Terri Harper retains WBC and IBO titles after ancient combat ends in draw

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Terri Harper retained her World Boxing Council and International Boxing Organisation super-featherweight titles with a split draw against Natasha Jonas, in a historic first world title contest between two British female boxers on Friday night.

The judges scored the bout at Eddie Hearn’s “Matchroom Square Garden” in Essex 94-96, 96-95, and 95-95. Jonas, a 36-year-old mother from Liverpool who represented Britain at the London Olympics in 2012, looked to have edged to victory over Harper, 13 years her junior, over the 10 two-minute rounds.

About Harper
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Terri Harper retains WBC and IBO titles after historic fight ends in draw

About retains

The second event to be held at Hearn’s Matchroom HQ in Brentwood without an audience lived up to expectation with an all-action razor-tight fight.

The world champion from Doncaster, whose rise from working as a teenager in a local chip shop to world champion has captured public imagination, admitted she “was disappointed being caught easily” and agreed to a rematch. Southpaw Jonas was cut by her right eye in the second round, and then they went to war in the third.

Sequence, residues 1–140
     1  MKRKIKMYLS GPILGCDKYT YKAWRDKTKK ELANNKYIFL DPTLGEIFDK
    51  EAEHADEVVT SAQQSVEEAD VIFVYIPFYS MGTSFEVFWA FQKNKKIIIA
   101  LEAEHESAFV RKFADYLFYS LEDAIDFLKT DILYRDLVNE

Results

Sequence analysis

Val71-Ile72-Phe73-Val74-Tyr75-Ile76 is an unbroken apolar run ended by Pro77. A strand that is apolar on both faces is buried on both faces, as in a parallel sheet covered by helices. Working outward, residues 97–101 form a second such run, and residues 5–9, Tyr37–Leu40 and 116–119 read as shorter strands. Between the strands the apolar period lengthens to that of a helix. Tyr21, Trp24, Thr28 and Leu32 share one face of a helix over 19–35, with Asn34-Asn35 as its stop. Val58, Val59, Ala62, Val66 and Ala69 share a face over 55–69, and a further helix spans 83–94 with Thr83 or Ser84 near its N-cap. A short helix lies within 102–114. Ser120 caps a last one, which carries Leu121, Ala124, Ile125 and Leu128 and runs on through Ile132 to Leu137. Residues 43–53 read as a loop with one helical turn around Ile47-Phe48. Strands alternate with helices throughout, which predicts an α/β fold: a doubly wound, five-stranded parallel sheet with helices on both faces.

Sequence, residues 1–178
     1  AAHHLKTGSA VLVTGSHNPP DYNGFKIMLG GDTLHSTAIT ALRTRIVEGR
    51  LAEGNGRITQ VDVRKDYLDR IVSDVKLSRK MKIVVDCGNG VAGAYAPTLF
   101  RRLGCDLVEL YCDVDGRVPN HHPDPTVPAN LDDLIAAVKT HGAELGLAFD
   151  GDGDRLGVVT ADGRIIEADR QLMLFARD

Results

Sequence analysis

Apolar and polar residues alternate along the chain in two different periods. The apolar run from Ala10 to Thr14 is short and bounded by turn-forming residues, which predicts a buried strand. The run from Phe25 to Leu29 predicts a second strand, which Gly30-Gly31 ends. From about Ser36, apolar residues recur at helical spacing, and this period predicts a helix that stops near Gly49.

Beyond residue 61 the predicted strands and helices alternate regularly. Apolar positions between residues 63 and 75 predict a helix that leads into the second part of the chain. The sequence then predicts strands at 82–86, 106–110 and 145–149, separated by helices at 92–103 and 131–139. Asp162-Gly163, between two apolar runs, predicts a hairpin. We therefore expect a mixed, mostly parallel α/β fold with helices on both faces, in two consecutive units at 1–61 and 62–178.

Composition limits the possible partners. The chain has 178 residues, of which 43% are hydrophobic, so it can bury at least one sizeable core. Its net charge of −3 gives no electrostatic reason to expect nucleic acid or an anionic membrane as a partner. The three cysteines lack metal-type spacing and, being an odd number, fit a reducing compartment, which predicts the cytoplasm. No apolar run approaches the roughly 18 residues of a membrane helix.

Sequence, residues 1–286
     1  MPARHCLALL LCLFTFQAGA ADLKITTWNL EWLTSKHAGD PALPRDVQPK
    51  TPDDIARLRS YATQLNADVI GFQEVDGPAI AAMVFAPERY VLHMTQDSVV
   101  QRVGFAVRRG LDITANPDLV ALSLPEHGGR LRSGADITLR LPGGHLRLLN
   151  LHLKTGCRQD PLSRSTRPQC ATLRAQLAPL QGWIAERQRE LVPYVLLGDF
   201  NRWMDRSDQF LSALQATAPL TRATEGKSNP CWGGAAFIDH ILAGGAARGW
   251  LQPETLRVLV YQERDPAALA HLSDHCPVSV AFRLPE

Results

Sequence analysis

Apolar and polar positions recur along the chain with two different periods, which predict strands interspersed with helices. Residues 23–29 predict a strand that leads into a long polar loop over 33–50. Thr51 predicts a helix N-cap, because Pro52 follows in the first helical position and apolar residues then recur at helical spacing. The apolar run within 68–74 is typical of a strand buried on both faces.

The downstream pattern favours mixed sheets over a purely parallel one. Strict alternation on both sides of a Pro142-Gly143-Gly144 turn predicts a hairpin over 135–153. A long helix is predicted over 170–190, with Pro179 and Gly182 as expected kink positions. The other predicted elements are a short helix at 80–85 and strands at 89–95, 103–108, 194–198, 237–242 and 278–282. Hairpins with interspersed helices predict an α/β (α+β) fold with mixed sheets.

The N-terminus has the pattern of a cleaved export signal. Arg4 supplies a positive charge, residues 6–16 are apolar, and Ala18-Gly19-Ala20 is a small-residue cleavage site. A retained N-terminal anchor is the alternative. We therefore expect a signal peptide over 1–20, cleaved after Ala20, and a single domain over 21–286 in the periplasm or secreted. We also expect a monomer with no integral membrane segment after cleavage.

Terri Harper retains WBC and IBO titles after historic fight ends in draw

The moment of the fight was a left-right hook combination in the eighth round from Jonas which wobbled the legs of the champion, but they continued to battle in a contest which was even to the end.

“Hopefully people will be proud of women’s boxing after seeing that,” Jonas said. “I’m so happy, I think I took the fight to her, but let’s do it again.”

As a precursor to the main event, Anthony Fowler – cousin of former Liverpool footballer Robbie Fowler – took his record to 13 wins and one defeat with a dominant, bullying display against Adam Harper, stopping his rival super-welterweight in the seventh round. 

It also emerged on Friday night that the trilogy fight between Tyson Fury and Deontay Wilder for the British fighter’s WBC heavyweight crown could be rescheduled from its expected date of Dec 19 to February next year because, said veteran US promoter Bob Arum, “it was not looking viable without an audience”.